The Underdwellers - This was kind of a weird episode, since it used a one-shot villain with no origin story or real introduction. Just as well, since the episode referenced child abuse/slavery, and to make the Sewer King as repulsive a creep as possible, there wasn't any backstory to how he came to be. Most of Batman's enemies have a rather sympathetic backstory--an actor with an addiction to an untested compound, a district attorney with a bunch of repressed anger issues, a scientist trying to save his wife...but nope, none of that for the Sewer King.

Beware the Gray Ghost - This episode is one of the better ones, as it involves Bruce Wayne meeting one of his childhood heroes, a washed-up actor who played "The Gray Ghost" a long time ago, and was not able to get serious acting jobs later because of that association with the Gray Ghost. Of course, I was reminded of Adam West (the "original" Batman), which is exactly who cameoed as the Gray Ghost.

Dreams in Darkness - They actually showed a real gun with what is obviously supposed to be blood coming out of it! That's STILL hard to get away with in kids' shows today.

Mad as a Hatter - Up until the third act, the Hatter actually did nothing wrong except cheat a few people out of some money (the chef creating a spectacular meal on the house, for instance), what got Batman interested in investigating was the thugs that tried to commit suicide, and even that, the Hatter wasn't actually scheming for them to kill themselves, he was just trying to impress his date and avoid getting robbed.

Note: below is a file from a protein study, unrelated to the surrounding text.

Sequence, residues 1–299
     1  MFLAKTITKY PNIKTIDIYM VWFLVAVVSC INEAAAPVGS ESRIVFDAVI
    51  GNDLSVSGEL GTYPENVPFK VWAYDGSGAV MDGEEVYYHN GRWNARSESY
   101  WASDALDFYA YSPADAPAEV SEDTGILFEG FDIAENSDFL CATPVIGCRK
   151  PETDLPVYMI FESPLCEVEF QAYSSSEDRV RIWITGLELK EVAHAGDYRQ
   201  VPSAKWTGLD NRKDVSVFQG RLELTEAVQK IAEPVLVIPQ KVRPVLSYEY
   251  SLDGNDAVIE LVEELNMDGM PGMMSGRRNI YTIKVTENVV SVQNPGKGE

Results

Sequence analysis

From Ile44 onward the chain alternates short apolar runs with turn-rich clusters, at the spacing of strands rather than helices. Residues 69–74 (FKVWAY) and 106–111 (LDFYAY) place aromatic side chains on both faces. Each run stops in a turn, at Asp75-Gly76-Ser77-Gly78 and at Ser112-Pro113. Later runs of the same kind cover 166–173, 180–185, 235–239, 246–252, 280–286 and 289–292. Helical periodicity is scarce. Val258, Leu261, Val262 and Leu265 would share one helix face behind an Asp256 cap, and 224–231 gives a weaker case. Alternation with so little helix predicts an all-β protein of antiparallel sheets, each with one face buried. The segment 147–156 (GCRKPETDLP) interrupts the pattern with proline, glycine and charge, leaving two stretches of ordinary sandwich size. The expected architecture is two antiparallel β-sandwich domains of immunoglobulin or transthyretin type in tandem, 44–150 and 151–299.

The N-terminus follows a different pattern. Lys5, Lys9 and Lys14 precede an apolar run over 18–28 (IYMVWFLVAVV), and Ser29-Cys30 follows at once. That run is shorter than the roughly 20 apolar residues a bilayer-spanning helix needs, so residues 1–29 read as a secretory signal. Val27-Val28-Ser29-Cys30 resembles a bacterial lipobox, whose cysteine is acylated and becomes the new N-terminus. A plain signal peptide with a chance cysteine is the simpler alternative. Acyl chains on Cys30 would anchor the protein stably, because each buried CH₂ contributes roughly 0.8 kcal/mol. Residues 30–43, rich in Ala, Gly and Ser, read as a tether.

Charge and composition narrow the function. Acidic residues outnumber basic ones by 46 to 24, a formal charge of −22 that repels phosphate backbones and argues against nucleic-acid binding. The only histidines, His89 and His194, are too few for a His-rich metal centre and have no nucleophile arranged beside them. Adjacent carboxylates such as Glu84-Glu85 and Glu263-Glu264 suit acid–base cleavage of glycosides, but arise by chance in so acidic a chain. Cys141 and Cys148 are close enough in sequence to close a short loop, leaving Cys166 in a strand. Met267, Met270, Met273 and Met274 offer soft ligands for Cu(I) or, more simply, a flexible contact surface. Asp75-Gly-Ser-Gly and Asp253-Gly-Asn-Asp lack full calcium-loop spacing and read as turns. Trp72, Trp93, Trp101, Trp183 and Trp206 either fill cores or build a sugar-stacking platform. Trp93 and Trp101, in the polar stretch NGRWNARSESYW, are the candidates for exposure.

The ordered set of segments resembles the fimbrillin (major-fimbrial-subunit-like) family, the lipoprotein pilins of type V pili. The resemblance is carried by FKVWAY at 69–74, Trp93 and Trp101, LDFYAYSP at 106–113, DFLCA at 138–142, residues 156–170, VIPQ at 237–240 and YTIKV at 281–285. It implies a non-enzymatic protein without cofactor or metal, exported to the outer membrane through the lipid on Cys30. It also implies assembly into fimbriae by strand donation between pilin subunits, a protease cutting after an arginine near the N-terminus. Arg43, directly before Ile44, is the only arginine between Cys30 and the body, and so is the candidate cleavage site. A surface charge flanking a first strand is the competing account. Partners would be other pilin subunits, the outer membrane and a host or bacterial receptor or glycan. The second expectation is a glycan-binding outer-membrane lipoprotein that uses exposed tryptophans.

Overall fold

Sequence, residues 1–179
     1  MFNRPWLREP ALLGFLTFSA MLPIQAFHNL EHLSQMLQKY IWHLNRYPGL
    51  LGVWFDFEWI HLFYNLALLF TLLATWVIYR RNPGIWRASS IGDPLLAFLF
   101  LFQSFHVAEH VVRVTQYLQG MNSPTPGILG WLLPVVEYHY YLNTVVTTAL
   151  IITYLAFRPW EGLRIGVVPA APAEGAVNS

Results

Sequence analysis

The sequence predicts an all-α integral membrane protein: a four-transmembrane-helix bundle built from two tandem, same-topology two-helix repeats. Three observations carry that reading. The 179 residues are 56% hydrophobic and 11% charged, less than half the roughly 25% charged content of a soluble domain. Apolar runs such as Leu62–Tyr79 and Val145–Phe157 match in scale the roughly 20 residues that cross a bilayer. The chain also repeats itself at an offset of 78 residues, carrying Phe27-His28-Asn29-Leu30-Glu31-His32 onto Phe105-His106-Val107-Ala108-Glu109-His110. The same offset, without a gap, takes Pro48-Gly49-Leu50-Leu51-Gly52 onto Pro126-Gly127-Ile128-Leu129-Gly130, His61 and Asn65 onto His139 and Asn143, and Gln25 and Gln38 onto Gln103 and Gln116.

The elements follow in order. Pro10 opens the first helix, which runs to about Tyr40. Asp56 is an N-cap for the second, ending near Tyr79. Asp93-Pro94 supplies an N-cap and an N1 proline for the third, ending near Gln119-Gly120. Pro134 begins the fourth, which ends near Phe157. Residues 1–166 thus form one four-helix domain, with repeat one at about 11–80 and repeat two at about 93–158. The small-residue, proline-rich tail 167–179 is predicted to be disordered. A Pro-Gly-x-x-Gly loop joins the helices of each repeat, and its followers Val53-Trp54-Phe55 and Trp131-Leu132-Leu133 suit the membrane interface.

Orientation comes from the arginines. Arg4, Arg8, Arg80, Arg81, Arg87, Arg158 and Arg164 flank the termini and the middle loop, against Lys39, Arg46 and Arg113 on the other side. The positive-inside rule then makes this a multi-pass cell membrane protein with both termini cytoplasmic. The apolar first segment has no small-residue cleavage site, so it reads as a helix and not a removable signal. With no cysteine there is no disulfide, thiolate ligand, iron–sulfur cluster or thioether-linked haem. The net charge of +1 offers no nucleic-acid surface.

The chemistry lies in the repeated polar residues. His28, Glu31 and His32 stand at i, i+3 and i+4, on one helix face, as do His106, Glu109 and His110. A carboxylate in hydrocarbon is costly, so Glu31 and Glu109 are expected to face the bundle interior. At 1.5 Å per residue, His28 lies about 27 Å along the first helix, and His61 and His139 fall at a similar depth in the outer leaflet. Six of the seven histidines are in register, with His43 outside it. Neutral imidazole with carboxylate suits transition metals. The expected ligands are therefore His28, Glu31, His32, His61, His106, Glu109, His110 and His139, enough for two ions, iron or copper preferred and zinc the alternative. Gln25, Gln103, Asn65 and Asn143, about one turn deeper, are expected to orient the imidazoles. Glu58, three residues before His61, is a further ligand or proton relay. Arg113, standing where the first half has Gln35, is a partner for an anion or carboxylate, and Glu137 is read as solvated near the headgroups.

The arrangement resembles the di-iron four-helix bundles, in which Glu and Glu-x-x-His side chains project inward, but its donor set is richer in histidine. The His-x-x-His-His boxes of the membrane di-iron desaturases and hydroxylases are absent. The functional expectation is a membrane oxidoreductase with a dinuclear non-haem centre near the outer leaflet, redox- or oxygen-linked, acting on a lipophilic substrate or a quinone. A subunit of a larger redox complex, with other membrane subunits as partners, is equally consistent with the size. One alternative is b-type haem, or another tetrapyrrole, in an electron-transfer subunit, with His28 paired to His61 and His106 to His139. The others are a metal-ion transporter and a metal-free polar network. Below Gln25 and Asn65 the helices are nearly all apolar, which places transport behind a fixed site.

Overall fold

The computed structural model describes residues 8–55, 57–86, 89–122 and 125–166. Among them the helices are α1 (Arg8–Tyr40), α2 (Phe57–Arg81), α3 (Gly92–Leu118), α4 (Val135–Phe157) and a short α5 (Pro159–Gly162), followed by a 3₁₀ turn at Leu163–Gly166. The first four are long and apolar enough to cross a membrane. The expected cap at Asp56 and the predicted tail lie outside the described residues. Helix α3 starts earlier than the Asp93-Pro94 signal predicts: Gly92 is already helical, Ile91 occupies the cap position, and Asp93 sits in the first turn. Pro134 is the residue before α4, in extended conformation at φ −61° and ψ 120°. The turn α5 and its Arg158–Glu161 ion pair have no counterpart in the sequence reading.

Harley & Ivy - Ah, this episode. Much like "Beware the Creeper" later, they got away with a lot in this episode that normally wouldn't fly, namely some very, very light references that Harley and Ivy were, um, more than friends.

Vendetta - As much of this build-up of this episode suggests, I feel the pay-off just isn't worth it. Maybe if Killer Croc had an introduction (heck, I don't even think they gave him a real name), it might be better.

Perchance to Dream - With a device that will artificially create dreams, it's a wonder why the Hatter won't just market this and make money.

Appointment in Crime Alley - This episode ends in kind of an "aww, isn't that sweet" way, but Daggett gets away with extortion, kidnapping, and a bunch more things--as if he hasn't already ruined Matt Hagen's life.

Moon of the Wolf - This one annoyed me, partially because the werewolf in question never gets cured and simply disappears, or because Batman doesn't believe at first it's an actual werewolf and needs convincing. While this is perfectly reasonable, keep in mind that at this point, he's battled the Man-Bat, meeting Catwoman who literally became a cat woman, and others.

Almost Got 'Im - Batman can do a lot, but surviving an electric chair (shortly before it EXPLODES from too much electricity) AND pulling off a great Killer Croc imitation seems too high a bar for the Caped Crusader to actually do.